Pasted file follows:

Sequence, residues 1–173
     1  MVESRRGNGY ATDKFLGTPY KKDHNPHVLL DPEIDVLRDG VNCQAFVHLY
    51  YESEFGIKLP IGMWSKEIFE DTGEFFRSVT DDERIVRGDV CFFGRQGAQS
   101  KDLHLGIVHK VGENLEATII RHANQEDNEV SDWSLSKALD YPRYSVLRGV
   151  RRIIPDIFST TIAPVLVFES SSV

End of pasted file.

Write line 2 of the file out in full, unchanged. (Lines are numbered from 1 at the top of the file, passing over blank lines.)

     1  MVESRRGNGY ATDKFLGTPY KKDHNPHVLL DPEIDVLRDG VNCQAFVHLY